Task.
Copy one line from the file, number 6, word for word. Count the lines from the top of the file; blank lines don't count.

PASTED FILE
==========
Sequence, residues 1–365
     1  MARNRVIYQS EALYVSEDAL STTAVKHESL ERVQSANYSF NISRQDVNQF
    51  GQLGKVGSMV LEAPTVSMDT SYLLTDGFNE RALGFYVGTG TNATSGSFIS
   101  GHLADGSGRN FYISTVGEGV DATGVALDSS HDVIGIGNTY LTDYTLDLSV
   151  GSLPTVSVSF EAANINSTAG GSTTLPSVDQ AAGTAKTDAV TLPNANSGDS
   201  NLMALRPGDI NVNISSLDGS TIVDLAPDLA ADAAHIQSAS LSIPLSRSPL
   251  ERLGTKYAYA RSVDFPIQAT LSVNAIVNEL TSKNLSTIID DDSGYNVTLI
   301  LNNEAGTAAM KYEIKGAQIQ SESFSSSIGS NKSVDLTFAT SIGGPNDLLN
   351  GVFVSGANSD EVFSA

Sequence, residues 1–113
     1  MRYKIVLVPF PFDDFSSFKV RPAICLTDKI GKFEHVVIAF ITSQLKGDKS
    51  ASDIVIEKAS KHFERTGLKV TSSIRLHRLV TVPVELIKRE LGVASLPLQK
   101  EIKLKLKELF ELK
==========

   201  NLMALRPGDI NVNISSLDGS TIVDLAPDLA ADAAHIQSAS LSIPLSRSPL